The Deltaport Causeway Overpass in Vancouver B.C. was the centerpiece of a $45 million upgrade of the transportation infrastructure at Canada’s busiest container port terminal. The project included the design and construction of a curved overpass located on a narrow causeway in an area of highly sensitive soils. The aim of the project was to improve vehicle access to the terminal by separating road and railway traffic at a critical bottleneck junction, and to contribute an additional 200,000 container units of annual capacity at the port.
This paper describes the technical challenges and the engineering solutions that were used to design the structures to accommodate the tight geometric constraints of the site while ensuring minimal impact to terminal operations. The key technical challenges included:
1. The design of very slender bridge columns due to the close proximity of the rail tracks. The
innovative design used small-diameter reinforced concrete columns with an externally-bonded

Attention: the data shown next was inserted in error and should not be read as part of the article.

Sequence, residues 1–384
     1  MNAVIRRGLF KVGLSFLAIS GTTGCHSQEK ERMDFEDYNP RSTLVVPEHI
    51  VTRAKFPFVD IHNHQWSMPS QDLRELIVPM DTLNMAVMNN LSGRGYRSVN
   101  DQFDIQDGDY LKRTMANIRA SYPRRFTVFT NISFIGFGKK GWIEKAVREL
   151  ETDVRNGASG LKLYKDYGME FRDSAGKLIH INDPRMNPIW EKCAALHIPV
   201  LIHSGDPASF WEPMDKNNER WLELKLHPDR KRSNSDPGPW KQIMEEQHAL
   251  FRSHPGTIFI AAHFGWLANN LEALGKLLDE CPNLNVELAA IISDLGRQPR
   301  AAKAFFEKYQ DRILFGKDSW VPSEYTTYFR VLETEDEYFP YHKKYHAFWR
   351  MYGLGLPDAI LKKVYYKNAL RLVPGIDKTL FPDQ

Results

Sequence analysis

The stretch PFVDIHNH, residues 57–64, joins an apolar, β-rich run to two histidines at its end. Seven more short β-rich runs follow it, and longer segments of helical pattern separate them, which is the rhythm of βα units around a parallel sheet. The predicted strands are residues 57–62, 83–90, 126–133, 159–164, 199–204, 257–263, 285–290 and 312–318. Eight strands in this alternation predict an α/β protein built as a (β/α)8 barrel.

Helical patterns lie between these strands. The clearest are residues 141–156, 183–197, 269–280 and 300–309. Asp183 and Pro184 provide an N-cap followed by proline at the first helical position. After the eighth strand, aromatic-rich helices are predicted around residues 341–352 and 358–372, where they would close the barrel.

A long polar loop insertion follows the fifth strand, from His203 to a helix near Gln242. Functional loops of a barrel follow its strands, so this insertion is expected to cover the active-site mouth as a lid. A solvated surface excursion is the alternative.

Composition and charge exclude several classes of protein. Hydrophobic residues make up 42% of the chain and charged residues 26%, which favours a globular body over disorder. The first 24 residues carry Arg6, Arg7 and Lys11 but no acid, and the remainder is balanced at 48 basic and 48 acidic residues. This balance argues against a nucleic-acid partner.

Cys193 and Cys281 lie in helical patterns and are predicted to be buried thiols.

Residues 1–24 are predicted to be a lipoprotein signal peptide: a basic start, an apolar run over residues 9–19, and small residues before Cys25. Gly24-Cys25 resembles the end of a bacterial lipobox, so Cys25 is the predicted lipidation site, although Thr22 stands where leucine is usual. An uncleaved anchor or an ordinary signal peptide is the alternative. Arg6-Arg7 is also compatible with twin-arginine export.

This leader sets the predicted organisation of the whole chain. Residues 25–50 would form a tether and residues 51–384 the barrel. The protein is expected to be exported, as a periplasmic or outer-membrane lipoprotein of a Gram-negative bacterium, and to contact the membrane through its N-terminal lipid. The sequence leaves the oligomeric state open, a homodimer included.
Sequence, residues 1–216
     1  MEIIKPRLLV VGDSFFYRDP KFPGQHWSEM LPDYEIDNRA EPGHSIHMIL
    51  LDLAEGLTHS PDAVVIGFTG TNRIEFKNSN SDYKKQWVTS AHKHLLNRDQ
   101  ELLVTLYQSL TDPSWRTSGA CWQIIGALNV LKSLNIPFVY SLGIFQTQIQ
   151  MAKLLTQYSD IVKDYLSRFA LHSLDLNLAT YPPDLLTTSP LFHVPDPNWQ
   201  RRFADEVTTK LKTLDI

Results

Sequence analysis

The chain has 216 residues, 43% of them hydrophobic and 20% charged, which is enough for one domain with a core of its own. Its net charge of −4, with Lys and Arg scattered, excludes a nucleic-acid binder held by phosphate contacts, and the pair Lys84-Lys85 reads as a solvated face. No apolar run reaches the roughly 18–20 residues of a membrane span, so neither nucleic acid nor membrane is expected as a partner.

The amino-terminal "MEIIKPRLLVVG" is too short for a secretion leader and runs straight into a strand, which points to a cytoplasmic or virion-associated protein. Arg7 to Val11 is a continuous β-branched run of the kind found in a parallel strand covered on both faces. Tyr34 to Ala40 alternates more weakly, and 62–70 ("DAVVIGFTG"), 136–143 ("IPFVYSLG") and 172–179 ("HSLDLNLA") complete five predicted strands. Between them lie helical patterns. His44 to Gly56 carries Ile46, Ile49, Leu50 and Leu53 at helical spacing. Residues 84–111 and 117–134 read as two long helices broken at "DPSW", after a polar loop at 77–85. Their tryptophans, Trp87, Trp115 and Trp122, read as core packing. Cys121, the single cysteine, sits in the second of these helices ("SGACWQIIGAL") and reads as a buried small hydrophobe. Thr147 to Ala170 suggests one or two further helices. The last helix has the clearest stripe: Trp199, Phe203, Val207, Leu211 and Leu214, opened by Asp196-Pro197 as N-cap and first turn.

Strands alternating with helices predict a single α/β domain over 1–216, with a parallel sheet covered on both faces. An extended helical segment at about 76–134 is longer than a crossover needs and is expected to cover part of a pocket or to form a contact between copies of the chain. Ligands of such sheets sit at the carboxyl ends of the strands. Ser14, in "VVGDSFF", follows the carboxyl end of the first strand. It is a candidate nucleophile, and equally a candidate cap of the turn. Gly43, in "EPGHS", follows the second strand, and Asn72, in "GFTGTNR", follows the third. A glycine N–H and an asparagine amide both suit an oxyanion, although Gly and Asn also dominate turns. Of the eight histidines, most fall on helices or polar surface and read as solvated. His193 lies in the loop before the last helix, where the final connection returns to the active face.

fiber-reinforced polymer (FRP) wrap. The FRP wrap was designed to confine the concrete core,
and ensure the columns had sufficient ductility to meet the structural design capacity;
2. The design of expanded-base concrete ‘Franki’ piles founded within a zone of stone-column
ground improvement. Franki piles were the preferred piling system because the depth to bedrock
precluded the installation of deep-pile foundations. The Franki piles were constructed by driving
a zero-slump concrete mix out the bottom of a steel casing to form the load-bearing compression
and tension bulbs;
3. The design of a state-of-the-art lightweight-fill solution for the bridge-approach embankments
using expanded polystyrene (EPS) blocks, aka “geofoam”. The lightweight properties of EPS
allowed the approaches to be constructed at a relatively shallow depth, and limited the weight
applied to the load-sensitive foundation soils.